of 80 degrees. This simulates going from a flat (supine)
to a standing or upright position. The change in position
causes the HR and BP to rise and the patient's response
is noted. Depending upon the physician and the protocol
of a given laboratory, the duration of time spent
in the supine and upright position can vary from 5
to 30 minutes.
If nothing happens, the table
is returned to the flat position and an intravenous
infusion of isoproternol (Trade name = Isuprel) is
started. This medicine increases the HR and BP. This
effect is similar to that produced by our own natural
adrenaline release. As you may have gathered, the
test is now simulating what happens when the sympathetic
nervous system is stimulated and the "accelerator"
is pressed. The tilt table is then raised back up
to 80 degrees and the IV medication continued.
A stop clock in the room is used
to keep track of time. If an abnormal result is not
seen, the table is lowered and then raised back up
after increasing the dose of the IV medicine. In patients
with NMS, the increase in HR and BP is usually sufficient
to cause "panic in the back seat driver"
(parasympathetic nervous system). When this happens,
the HR, BP or both drop suddenly and dramatically
as the parasympathetic system "slams the brake
pedal.". The patient gets dizzy and passes out.
Thus, TTT succeeds in simulating a real life situation
and establishes the cause of recurrent black out spells.
With the above changes, the test is considered positive.
The IV medicine is immediately stopped and the patient
returned to the flat or supine position. Within a
few seconds, the patient regains consciousness and
both the HR and BP return to normal. The patient is
observed for 10 to 20 minutes and then disconnected
from the equipment.
How to prepare for the
Tilt test? Check with your physician to see
if any of your medications need to be held. You should
not eat or drink after midnight to reduce the risk
of nausea and vomiting during the test. Try and wear
a blouse or shirt to expedite preparation for the
How long does the Tilt
test take? The test generally takes a total
of 1 1/2 hours. This includes preparation, the actual
test and the recovery phase. Please make sure that
somebody can drive you home after the test.
How safe is a Tilt test?
The test is fairly safe, although it can be dramatic
for the patient if the test is positive and causes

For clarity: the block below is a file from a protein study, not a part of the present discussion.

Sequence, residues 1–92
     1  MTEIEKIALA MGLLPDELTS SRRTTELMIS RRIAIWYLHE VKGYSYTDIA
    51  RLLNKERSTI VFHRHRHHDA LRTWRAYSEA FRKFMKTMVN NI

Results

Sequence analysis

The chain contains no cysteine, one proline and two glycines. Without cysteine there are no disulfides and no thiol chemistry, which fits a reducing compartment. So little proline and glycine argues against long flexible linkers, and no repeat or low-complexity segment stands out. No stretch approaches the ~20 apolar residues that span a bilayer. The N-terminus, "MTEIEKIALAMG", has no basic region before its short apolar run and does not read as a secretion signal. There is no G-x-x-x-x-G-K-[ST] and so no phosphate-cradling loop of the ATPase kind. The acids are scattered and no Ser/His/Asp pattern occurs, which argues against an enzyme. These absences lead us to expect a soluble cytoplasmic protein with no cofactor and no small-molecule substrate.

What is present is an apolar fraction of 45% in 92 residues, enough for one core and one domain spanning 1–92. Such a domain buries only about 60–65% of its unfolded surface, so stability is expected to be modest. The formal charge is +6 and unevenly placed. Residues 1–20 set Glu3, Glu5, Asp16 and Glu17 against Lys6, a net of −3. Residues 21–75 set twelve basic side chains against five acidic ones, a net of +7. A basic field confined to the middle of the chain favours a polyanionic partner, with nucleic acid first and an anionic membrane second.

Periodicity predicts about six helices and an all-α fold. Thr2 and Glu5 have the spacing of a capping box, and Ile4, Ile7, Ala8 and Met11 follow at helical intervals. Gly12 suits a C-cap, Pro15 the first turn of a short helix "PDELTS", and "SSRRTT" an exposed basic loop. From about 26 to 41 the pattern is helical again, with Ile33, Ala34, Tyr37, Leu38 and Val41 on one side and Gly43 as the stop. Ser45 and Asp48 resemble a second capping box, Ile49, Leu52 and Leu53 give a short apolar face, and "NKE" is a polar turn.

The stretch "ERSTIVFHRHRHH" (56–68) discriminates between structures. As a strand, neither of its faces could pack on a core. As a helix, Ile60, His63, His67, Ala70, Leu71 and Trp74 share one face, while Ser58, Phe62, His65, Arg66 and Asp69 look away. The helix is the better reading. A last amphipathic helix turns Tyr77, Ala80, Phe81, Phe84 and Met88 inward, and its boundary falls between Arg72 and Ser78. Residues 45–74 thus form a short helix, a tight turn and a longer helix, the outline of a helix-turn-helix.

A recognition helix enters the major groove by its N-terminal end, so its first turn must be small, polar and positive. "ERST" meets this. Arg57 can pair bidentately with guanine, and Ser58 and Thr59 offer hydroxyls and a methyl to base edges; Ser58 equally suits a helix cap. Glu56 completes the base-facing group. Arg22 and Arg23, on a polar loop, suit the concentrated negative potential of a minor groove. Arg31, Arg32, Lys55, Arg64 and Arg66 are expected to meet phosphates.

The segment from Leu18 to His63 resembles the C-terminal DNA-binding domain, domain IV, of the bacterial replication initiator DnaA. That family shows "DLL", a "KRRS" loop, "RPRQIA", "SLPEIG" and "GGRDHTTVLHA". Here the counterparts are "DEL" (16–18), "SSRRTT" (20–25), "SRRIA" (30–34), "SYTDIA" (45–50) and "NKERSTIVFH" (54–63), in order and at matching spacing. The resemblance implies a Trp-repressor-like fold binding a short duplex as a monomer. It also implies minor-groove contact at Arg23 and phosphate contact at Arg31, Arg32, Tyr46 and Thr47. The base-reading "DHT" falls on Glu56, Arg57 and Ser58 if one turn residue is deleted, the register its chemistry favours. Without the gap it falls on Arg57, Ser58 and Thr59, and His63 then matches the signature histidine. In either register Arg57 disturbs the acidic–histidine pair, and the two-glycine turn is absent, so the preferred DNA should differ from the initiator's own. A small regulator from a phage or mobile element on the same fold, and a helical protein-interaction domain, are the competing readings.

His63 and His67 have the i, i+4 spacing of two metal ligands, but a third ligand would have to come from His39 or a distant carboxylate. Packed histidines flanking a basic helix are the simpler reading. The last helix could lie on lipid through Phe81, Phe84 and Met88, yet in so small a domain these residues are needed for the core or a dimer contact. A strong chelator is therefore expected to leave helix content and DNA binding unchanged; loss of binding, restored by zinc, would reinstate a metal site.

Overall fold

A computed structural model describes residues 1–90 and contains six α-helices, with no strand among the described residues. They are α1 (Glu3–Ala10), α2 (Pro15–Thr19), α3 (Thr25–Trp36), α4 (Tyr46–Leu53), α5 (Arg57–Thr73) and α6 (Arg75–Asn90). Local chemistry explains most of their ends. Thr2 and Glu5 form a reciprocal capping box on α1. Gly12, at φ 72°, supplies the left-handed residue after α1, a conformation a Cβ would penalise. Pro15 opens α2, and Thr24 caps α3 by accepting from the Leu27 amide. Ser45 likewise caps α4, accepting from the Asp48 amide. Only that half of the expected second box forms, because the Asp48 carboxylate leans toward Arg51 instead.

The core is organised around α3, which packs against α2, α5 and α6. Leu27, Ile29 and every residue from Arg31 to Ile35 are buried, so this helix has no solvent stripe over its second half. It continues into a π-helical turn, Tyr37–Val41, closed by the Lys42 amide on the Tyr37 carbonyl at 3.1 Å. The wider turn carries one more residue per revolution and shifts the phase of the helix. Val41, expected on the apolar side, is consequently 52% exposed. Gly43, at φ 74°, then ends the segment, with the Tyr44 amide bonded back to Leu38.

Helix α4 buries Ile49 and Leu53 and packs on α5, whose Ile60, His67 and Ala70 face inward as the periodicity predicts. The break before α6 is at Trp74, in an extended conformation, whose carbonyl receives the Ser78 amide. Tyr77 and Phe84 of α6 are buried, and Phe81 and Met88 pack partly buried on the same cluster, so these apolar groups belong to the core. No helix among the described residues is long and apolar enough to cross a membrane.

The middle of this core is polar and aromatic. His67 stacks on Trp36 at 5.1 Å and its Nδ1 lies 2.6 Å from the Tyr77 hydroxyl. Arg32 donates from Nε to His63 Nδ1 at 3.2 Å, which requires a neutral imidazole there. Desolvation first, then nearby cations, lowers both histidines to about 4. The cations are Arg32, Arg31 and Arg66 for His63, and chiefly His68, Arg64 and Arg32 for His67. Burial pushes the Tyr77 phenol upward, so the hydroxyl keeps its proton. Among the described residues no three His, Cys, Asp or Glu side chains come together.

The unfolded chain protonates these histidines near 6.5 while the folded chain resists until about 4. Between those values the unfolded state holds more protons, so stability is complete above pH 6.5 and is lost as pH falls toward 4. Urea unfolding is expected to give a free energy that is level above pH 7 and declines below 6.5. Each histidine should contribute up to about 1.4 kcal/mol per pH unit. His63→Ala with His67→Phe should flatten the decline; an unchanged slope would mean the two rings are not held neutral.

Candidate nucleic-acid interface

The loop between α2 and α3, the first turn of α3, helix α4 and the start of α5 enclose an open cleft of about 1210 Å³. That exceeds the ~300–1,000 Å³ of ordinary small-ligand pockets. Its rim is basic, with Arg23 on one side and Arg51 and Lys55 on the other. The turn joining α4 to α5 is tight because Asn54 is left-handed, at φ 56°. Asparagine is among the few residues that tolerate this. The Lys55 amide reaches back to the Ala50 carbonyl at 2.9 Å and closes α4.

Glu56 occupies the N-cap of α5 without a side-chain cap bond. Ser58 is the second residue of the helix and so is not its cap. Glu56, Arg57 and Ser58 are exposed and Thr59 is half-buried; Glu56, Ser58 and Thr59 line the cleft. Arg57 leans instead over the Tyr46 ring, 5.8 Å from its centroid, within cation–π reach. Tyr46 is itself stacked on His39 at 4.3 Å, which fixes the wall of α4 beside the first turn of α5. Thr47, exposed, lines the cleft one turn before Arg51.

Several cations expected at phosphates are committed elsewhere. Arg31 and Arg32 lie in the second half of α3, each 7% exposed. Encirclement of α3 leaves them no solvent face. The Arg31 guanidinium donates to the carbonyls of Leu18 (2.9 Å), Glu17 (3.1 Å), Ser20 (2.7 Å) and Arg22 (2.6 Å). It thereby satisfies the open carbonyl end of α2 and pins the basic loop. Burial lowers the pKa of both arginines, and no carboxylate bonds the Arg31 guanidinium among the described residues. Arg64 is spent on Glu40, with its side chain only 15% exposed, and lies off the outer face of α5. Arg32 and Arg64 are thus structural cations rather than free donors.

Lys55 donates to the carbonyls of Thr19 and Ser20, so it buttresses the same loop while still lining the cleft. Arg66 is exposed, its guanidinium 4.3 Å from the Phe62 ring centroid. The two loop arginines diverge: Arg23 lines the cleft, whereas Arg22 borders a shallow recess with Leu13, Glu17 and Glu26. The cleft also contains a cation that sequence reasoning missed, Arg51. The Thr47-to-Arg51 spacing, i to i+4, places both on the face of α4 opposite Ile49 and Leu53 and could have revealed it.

a black out spell. Not a very pleasant circumstance!
However, the patient needs to recognize that this
denotes a positive response and opens the door to
the addition of extremely effective medications that
may dramatically reduce or totally eliminate the patient's
recurrent black out spells. In rare cases, the test
may produce persistent abnormal heart rhythm and patients
with coronary artery disease may occasionally experience
lingering chest discomfort. Experienced staff and
equipment are on hand to handle these potential complications.
What information is provided
by the Tilt test? The tilt test helps to
confirm the diagnosis of NMS. This is extremely important
because there is effective treatment for the condition
which can either totally eradicate or dramatically
reduce the frequency and intensity of symptoms (dizziness
and black out spells). Recent research studies have
also shown a correlation between chronic fatigue syndrome
(CFS) and NMS. Treatment aimed at NMS has been shown
to be beneficial in many patients with CFS (if they
have a positive tilt test). The use of beta-blockers
is most commonly employed in the treatment of NMS.
The beta-blockers acts as a "governor" on
a carburetor. The motor does not "rev up"
as much (HR and BP does not increase drastically)
and the back seat driver (parasympathetic system)
remains calm and does not slam on the brakes. Other
drugs that have shown benefit include aminophylline,
disopyramide and certain anti-depressants serotonin-uptake
will I get the results of the Tilt Test?
The tilt test results are generally provided to you
as soon as it is completed. Changes in your medications,
if indicated by the results of the test, may be discussed
at the same time or during a subsequent office visit.